Happy New Year! I’ve just come back online after a wonderful (and much-needed) 2-week break. I hope those of you who were lucky enough to get time off at this time of year made the most of it and managed to spend some quality time with your loved ones. (I will admit that since the beginning of this year I’ve been spending a little time working on a really fun side project, so I can’t say I’ve disconnected completely… but more on this later. :-)
As I don’t really have an image to accompany this post, here’s a quick scenic shot I took on Saturday morning.
At this time of year people tend to reflect on the past 12 months – and sometimes make predictions for the coming 12 – so I’m going to indulge in a little of each, myself, in this post.
On a personal level, I have to say that 2018 wasn’t great. Coming back from a wonderful 6-month trip with my family in the back stretch of 2017, I found myself saying goodbye to nearly 200 friends and colleagues during the course of the first 8 months of 2018 with the closure of our Neuchatel office. (For various reasons – whether to give people additional time or for business continuity – this was a long, drawn-out process, but the office doors finally closed at the end of August.)
On the other hand, professionally speaking I felt that 2018 was actually pretty amazing. I started the year by getting heavily involved in the Van Wijnen project, which exposed me to the core of our technology infrastructure for implementing Generative Design workflows for AEC (i.e. Dynamo + Refinery). This has led to some really interesting discussions with many Autodesk customers, and really leaves me excited about the future. My other hat – where I work on Dasher 360 – led for me to become involved in the MX3D smart bridge project, which is beyond cool. And the future where IoT meets Generative Design is one that I find immensely inspiring… I can’t help but feel I’m exactly where I want to be, technologically speaking.
So, despite various headwinds (both personal and political), I do find reasons to be cheerful going into this new year. I’m personally going to think of 2019 as “the year of Generative Design”, mainly because I think this is the year we’re going to see the technology break through and get serious adoption across multiple industries. And I’m not the only one. By the way – as you read the title of this post, please do say the individual digits – “two-oh-one-nine” – as it makes for a much better rhyme. ;-)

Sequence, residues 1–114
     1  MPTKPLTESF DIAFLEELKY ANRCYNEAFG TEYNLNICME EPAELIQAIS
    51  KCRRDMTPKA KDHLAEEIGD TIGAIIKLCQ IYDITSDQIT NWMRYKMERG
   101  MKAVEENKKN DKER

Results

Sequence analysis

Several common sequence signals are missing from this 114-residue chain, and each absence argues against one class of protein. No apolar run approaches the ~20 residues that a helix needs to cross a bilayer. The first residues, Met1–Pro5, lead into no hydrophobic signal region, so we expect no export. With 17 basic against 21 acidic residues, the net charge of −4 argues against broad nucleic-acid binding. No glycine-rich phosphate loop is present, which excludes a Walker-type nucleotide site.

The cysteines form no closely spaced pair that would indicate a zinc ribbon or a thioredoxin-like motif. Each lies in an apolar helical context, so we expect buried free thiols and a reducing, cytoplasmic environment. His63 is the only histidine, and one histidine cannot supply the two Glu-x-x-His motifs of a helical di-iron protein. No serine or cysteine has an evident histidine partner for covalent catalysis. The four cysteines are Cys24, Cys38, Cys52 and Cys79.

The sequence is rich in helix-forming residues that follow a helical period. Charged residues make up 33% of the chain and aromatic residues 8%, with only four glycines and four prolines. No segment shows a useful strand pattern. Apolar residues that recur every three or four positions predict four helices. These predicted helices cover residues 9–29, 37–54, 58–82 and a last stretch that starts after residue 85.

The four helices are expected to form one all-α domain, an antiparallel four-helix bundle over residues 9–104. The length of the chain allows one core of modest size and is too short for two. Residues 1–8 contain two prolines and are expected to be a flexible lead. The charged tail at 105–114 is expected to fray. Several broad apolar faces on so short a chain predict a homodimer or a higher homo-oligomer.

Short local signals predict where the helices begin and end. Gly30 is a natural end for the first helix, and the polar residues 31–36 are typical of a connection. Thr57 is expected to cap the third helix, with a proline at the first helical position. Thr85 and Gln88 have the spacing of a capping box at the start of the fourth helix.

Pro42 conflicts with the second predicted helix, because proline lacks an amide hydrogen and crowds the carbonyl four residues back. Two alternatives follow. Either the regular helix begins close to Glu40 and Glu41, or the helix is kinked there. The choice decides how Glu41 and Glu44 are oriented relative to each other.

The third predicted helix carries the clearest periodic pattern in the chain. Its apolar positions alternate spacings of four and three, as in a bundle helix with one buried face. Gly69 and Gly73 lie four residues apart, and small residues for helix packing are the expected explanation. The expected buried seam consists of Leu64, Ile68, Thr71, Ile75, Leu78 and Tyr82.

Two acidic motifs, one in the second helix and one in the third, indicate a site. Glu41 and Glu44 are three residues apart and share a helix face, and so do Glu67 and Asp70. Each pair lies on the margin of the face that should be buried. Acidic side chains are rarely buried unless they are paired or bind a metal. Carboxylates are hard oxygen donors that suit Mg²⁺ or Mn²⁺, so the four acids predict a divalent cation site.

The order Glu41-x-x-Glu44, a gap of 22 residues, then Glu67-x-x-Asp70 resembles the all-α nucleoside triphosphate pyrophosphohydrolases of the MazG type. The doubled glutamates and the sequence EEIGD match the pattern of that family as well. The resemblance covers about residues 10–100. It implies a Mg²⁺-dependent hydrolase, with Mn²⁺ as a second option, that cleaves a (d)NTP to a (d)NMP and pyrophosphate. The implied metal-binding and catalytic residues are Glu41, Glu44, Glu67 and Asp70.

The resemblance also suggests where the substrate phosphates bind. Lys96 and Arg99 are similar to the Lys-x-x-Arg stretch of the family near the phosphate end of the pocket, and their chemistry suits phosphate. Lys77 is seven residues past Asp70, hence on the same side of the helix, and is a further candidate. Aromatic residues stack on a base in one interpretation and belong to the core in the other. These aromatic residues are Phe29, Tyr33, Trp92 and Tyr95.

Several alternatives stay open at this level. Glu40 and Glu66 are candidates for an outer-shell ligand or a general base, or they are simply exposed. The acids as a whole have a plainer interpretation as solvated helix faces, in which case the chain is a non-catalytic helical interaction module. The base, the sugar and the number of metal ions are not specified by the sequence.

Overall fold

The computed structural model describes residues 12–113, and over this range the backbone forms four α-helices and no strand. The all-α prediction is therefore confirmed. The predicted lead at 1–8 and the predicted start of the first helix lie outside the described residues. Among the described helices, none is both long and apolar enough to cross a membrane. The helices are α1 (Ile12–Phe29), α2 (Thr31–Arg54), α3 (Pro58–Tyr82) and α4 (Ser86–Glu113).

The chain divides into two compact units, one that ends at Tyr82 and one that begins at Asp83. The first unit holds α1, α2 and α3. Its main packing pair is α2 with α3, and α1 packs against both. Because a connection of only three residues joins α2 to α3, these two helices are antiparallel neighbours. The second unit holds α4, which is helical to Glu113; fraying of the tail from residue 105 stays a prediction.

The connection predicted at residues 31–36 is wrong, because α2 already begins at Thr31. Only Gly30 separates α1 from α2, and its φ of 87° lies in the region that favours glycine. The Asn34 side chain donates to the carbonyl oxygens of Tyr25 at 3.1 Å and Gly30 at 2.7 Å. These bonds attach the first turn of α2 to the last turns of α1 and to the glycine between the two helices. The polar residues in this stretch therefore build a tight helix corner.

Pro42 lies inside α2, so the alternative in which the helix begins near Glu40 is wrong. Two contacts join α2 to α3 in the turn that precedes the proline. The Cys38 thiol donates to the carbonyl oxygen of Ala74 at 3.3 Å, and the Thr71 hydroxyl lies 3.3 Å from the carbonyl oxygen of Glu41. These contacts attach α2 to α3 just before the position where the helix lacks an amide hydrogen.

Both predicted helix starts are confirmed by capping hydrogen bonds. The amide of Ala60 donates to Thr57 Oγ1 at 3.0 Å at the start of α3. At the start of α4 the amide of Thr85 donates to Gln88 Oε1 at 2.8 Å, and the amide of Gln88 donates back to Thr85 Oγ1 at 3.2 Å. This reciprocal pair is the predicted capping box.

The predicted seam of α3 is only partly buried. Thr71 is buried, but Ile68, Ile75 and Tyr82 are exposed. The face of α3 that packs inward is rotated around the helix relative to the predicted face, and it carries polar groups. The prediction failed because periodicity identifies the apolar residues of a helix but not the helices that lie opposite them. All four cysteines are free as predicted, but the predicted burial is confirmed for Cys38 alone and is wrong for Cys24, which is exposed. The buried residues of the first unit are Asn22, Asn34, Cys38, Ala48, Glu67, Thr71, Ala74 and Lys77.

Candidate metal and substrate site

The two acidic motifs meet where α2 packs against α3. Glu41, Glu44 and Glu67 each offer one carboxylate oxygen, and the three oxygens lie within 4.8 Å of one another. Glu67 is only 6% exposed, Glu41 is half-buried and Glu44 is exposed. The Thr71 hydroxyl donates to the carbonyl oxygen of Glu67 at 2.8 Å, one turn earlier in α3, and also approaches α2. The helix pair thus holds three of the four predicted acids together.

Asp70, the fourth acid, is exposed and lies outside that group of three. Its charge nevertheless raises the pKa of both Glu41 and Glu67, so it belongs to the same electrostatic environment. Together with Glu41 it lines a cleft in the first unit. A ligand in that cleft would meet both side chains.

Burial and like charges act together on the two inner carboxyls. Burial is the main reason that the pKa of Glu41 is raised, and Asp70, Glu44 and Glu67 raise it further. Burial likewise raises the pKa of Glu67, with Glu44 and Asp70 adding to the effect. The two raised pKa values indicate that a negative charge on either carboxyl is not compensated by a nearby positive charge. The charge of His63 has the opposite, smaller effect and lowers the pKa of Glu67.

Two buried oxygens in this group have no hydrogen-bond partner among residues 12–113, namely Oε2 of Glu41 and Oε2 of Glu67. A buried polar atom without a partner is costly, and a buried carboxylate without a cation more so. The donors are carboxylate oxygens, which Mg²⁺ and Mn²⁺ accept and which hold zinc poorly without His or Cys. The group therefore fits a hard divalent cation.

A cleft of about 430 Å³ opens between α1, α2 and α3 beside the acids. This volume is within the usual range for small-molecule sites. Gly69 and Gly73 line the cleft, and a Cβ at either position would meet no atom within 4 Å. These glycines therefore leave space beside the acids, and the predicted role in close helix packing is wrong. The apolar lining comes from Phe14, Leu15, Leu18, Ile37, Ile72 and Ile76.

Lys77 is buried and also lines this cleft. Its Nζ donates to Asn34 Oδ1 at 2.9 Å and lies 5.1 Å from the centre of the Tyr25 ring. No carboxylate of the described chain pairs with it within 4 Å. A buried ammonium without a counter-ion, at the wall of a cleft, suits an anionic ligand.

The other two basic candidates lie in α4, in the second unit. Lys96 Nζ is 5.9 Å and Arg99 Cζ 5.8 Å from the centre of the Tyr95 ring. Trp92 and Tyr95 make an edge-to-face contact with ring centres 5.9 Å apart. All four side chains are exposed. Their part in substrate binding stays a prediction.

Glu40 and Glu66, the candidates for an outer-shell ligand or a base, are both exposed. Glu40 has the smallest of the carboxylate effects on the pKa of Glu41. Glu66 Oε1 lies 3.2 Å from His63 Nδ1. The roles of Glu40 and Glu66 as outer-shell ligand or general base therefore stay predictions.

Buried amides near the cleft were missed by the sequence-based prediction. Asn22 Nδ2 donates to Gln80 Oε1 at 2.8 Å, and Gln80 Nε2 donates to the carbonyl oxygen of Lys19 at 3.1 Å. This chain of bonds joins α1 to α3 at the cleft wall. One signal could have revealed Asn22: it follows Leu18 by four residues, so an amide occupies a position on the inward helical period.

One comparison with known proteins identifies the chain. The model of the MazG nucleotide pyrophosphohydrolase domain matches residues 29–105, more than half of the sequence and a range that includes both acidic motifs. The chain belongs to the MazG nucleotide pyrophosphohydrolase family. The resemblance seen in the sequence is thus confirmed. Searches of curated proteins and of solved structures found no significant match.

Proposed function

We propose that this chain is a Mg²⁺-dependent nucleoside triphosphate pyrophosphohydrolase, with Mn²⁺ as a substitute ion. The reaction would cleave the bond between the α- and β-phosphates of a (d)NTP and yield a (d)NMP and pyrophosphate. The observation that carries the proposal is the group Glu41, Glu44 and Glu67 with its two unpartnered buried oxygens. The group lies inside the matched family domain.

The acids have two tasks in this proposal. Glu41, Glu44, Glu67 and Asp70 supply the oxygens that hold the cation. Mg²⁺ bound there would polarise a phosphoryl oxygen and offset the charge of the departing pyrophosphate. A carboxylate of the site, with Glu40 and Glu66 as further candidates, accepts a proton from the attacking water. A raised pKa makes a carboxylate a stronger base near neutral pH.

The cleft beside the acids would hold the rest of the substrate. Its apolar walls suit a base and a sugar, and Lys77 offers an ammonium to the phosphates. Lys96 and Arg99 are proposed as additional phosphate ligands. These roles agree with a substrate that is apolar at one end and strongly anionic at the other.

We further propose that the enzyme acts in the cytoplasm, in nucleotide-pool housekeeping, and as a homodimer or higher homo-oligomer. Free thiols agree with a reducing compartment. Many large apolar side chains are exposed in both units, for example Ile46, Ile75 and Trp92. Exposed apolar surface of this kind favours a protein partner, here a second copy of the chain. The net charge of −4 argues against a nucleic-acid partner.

I genuinely believe this to be a once-in-a-generation, sea-change event. The vision Jeff Kowalski talked about at AU 2014 – where computers participate in the design process, rather than just being used to help document it – is really coming to pass. And the opportunity for people with the knowledge and skills to help make this happen is enormous. The tools themselves aren’t complicated to start using: you need a visual programming environment (such as Dynamo) alongside an optimization framework (such as Refinery) – both of which are easy to get started with – and the demand for people with these skills is going to be off the charts. If you spend time learning one thing in 2019, I suggest making it Dynamo + Refinery (OK, well two things).
Anyway, that’s it for my first post of 2-0-1-9. In the coming posts I’m going to talk a little about my project to connect Refinery with WebXR, with the eventual goal of being able to send candidate designs from Refinery to a set of consuming devices, whether Google Cardboard or higher-definition VR, phone-based AR or MR headsets such as HoloLens – in much the same way as we explored with Vrok-It – to allow stakeholders to better evaluate the geometry (and eventually the various metric scores) generated by the process. This is going to be a lot of fun.